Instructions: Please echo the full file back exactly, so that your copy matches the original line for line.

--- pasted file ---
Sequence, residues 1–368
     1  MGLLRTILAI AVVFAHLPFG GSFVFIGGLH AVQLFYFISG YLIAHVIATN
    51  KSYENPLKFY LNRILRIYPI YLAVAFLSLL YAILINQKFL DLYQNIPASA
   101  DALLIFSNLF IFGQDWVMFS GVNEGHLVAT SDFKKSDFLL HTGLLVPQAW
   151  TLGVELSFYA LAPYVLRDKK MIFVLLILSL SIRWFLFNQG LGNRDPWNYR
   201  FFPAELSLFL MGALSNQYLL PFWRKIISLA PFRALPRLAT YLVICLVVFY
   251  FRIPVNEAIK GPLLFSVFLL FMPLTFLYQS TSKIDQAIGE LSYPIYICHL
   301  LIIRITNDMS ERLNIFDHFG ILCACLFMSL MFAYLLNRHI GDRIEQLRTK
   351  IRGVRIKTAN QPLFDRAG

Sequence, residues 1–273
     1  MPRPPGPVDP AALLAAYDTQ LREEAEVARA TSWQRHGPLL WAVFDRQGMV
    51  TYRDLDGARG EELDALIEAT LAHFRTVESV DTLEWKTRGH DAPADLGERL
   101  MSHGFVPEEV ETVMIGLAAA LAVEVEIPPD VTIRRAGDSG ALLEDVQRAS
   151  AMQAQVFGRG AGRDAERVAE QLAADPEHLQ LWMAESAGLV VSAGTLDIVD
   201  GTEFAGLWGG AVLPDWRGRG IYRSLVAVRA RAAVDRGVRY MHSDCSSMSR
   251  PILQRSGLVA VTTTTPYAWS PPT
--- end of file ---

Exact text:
Sequence, residues 1–368
     1  MGLLRTILAI AVVFAHLPFG GSFVFIGGLH AVQLFYFISG YLIAHVIATN
    51  KSYENPLKFY LNRILRIYPI YLAVAFLSLL YAILINQKFL DLYQNIPASA
   101  DALLIFSNLF IFGQDWVMFS GVNEGHLVAT SDFKKSDFLL HTGLLVPQAW
   151  TLGVELSFYA LAPYVLRDKK MIFVLLILSL SIRWFLFNQG LGNRDPWNYR
   201  FFPAELSLFL MGALSNQYLL PFWRKIISLA PFRALPRLAT YLVICLVVFY
   251  FRIPVNEAIK GPLLFSVFLL FMPLTFLYQS TSKIDQAIGE LSYPIYICHL
   301  LIIRITNDMS ERLNIFDHFG ILCACLFMSL MFAYLLNRHI GDRIEQLRTK
   351  IRGVRIKTAN QPLFDRAG

Sequence, residues 1–273
     1  MPRPPGPVDP AALLAAYDTQ LREEAEVARA TSWQRHGPLL WAVFDRQGMV
    51  TYRDLDGARG EELDALIEAT LAHFRTVESV DTLEWKTRGH DAPADLGERL
   101  MSHGFVPEEV ETVMIGLAAA LAVEVEIPPD VTIRRAGDSG ALLEDVQRAS
   151  AMQAQVFGRG AGRDAERVAE QLAADPEHLQ LWMAESAGLV VSAGTLDIVD
   201  GTEFAGLWGG AVLPDWRGRG IYRSLVAVRA RAAVDRGVRY MHSDCSSMSR
   251  PILQRSGLVA VTTTTPYAWS PPT